Electric trucks are virtually missing from EPA's action, which is clearly a missed opportunity. There has been continued growth in the electric truck market, and six states have adopted requirements on the sale of electric trucks, something we even presented to EPA in the regulatory review process. Unfortunately, the agency has drafted a proposal lagging what these rules and the market are putting on the road. In fact, EPA considered only a paltry 1.5 percent assumed electric truck sales in 2027, while state action puts the status quo requirements upwards of 10 percent in that timeframe!

While EPA has considered electric trucks feebly in its global warming emissions part of the proposal, it has completely ignored the opportunity to accelerate the adoption of electric trucks to eliminate the harmful tailpipe pollution plaguing local communities. Even worse, that did not prevent the agency from creating an opportunity to credit electric trucks, which could yield windfall credits for manufacturers that lead to even dirtier diesel vehicles being sold.

While EPA recognizes that NOx and particulate pollution from heavy-duty trucks is killing people across the country, in setting these standards they have ignored the one technology which those communities most affected by truck pollution have been pushing for. Environmental justice groups have been shouting from every corner the critical need to move to zero emissions solutions now. EPA must not respond to this request with silence.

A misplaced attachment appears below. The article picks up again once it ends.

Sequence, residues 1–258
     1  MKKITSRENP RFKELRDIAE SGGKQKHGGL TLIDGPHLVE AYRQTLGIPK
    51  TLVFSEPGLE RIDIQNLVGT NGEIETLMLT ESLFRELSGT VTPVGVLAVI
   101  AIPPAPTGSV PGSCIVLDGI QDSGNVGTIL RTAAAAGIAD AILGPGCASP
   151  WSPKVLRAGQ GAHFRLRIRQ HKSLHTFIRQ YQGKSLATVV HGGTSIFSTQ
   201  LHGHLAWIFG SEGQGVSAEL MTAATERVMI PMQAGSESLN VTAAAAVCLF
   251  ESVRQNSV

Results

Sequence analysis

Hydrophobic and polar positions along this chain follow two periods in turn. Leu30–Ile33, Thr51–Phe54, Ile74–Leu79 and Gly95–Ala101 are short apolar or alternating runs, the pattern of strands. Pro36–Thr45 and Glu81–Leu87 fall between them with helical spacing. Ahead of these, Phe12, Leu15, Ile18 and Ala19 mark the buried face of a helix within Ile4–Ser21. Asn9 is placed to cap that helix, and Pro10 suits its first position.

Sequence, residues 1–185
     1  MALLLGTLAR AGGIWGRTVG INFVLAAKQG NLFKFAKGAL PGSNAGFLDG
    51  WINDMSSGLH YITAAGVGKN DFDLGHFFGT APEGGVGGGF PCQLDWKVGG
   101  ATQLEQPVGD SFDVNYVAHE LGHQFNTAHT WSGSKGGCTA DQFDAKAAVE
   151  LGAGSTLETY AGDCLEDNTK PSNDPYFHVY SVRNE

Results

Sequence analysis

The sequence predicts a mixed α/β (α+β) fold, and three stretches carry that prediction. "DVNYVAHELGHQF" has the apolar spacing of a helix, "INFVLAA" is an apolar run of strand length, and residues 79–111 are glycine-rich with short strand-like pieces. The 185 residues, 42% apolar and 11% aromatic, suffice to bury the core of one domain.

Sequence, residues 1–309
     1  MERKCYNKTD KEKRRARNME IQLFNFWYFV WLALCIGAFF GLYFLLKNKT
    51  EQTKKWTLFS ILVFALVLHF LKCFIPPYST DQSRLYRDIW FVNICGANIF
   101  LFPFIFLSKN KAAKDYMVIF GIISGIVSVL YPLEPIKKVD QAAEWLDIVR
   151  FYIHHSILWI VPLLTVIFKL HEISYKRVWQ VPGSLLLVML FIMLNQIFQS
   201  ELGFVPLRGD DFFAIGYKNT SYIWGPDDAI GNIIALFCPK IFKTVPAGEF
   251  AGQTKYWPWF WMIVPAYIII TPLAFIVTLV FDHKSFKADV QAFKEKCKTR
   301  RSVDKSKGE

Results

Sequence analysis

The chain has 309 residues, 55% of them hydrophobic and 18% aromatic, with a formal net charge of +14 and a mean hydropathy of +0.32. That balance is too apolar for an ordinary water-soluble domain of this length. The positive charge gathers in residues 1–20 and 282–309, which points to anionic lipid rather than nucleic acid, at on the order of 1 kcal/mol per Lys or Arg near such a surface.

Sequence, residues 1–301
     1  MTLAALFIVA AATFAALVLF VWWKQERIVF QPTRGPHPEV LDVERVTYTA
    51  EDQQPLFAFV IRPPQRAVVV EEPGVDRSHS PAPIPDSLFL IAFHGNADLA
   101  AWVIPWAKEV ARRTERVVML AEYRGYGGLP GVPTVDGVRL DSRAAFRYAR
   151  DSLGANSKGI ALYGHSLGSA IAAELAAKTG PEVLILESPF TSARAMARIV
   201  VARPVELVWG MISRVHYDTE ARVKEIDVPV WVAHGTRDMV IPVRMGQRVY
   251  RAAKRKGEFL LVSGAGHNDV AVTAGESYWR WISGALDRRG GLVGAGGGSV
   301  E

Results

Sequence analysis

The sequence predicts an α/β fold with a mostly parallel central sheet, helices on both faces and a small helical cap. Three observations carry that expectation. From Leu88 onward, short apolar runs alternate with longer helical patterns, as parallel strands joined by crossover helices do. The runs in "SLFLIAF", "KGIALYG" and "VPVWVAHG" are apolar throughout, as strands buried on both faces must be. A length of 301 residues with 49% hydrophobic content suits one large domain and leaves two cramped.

EPA should be embracing the lessons learned in a complementary approach—states have balanced their rules by setting a minimum level of electric truck adoption while encouraging simultaneous reductions in emissions from the remaining diesel vehicles. EPA could adopt this approach to pull the market forward with the goal of achieve 100 percent zero emission truck sales by 2035, not propose rules that lag behind the status quo. Simultaneously addressing public health and climate change demands the rapid adoption of electric trucks.

Now the hard work begins

Over the next two months, we will be putting together as much data as possible on the benefits of setting strong emissions standards. We will focus on tightening the lifetime emissions from the trucks covered under this program and crafting greater certainty around the accelerated deployment of electric trucks, both of which aim to improve the real-world outcomes for communities overburdened by truck pollution, as these trucks are phased in and, importantly, over their entire lifecycle.

The health impacts of NOx pollution are devastating—we need to make sure that EPA is upholding its mandate under the Clean Air Act to do the maximum possible to address truck pollution.

And I hope you'll join us in speaking out, so stay tuned for actions that we'll send out over the next couple weeks. UCS will be using every avenue available to advocate for strengthening this rule, and we hope you will join the chorus in support.


© 2021 Union of Concerned Scientists

Dave Cooke

Dave Cooke is a senior vehicles analyst in the Clean Vehicles Program at the Union of Concerned Scientists, specializing in both light- and heavy-duty fuel economy. He conducts research on fuel efficiency technologies and the implications for oil consumption and greenhouse gas emissions across the transportation sector.